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Responding to Climate Change 2011

Home | Transport & Construction | Knauf Insulation Spend to save - intelligent mitigation

Spend to save - intelligent mitigation

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After two years of record spending by governments focused on avoiding a financial meltdown, global leaders arrive in México for the climate negotiations with fiscal austerity very much on their minds.

On the surface this is bad news for getting a deal, but it should not be. Investment now means the costs of dealing with climate change later are significantly less. Worldwide, multiple initiatives have been deployed over recent years to boost the economy, protect jobs and keep the recession short, if sharp. Not all worked, but governments say we are past the worst and are now looking to replenish the coffers.

Knauf Insulation CEO, Tony Robson, explains why, for example, spending on energy efficiency in buildings is actually the best way for governments to save money short and long term.

Timing is everything

What is clear is that when it comes to fighting climate change, we don’t actually have many other options other than to stay on course. Yet spending on energy efficiency is widely debated – is it the right thing to do at this precarious point?

It is increasingly clear governments feel they can no longer be as generous on the issue of climate change. In Europe, the German government has dramatically reduced subsidies for renewable power; in Australia, the government has cancelled an entire programme for insulation in buildings. Current spending does not reflect the value of energy efficiency in buildings.

Cutting waste and unnecessary expenditure is fundamental to good business, but cuts to programmes that deliver more back to the economy and government funds than they cost are counter productive.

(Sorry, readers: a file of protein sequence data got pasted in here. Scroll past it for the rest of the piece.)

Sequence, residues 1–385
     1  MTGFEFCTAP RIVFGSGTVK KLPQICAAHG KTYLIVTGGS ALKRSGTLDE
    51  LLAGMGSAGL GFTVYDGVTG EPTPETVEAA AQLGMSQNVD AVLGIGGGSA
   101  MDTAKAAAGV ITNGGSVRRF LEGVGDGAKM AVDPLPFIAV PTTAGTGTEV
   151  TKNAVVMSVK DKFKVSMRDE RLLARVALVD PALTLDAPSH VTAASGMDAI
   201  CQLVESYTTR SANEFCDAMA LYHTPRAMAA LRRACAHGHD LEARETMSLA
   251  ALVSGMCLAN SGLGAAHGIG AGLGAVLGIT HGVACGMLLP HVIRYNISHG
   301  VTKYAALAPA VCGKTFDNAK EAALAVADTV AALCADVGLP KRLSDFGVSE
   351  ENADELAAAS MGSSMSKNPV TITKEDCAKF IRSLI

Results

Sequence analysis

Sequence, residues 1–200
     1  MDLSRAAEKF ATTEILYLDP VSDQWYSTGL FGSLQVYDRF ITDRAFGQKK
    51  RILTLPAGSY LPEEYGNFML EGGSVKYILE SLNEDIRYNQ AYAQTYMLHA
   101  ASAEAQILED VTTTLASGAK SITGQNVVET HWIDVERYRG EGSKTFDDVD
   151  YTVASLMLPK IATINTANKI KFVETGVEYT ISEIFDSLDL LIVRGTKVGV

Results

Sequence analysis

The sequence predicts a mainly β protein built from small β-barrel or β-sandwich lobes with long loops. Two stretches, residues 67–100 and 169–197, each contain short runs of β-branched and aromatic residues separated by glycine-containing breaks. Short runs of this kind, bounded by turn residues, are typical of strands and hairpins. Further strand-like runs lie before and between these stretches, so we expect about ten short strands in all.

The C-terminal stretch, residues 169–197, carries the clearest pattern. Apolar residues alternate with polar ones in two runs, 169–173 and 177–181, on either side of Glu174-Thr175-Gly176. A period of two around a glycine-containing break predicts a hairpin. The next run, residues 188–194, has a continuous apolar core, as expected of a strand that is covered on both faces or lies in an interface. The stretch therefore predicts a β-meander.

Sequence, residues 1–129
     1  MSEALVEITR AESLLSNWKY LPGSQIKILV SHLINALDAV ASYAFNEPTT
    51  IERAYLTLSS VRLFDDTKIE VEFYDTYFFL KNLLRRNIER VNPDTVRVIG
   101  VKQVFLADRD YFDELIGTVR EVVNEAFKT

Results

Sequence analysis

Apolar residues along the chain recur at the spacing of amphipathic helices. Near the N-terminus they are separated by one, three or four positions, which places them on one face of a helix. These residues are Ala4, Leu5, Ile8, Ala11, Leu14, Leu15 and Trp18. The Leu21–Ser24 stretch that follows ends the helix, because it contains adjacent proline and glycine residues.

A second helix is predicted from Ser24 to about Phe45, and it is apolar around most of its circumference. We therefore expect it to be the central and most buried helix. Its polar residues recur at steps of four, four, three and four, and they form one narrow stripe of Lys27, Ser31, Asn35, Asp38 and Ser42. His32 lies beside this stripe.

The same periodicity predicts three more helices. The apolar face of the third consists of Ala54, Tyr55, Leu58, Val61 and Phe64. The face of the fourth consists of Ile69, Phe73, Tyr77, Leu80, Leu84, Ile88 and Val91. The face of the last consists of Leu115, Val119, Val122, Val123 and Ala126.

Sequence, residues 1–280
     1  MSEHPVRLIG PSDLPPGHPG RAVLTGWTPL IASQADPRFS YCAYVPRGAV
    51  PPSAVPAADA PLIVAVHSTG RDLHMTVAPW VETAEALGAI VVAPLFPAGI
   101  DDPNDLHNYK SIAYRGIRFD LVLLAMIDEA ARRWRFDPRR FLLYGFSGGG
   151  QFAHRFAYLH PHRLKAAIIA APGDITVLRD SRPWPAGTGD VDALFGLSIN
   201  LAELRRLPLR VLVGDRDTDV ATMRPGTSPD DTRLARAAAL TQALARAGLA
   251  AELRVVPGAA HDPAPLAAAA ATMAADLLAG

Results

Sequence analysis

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The German KfW scheme, supported by the German Government, reduces interest rates on loans for owners to improve the energy efficiency of their buildings. It costs the government EUR2 billion annually in subsidies, and leverages EUR18 billion a year in private spending. The total benefits the state receives (additional VAT, social security payments and avoided costs from climate change) outweigh the costs, providing a net benefit. The programme also keeps construction workers employed and dramatically reduces greenhouse gas emissions and the amount of energy otherwise imported. With such an impressive record, a significant increase in funding would seem the right action, not cutting back.

In the EU, the ELENA facility (European Local Energy Assistance), is having a huge impact. Launched late 2009 by the European Commission with the European Investment Bank, it helps local governments develop large-scale investment for sustainable energy projects within their territories. The facility provides grant finance for technical assistance (project development services). With EUR30 million provided during 2009 and 2010, nearly EUR2 billion is set to be mobilised by the end of 2010; the consequent VAT and labour taxes all go directly to support the government’s balance sheets. The energy saved and improved local infrastructure increases people’s quality of life and fights energy poverty. Furthermore, there are significant emissions reductions.

Energy goldmine

Money spent on energy efficiency has been shown repeatedly to provide excellent returns, for society as well as investors. Energy efficiency in buildings offers a huge opportunity to reduce energy consumption, given that 40% of all energy in Europe is used in buildings, and we have cost-effective measures today that can be deployed. It also provides one of the biggest areas for saving – a recent study showed how the EU could create EUR270 billion a year in energy savings by simply bringing older buildings up to the efficiency levels of new buildings.

Action on climate change and budget cuts are not mutually exclusive, indeed the opposite. Now is not the time to cut back on funding for energy efficiency programmes, but rather it is time to drive funds and resources on boosting smart programmes that give back more than they receive.

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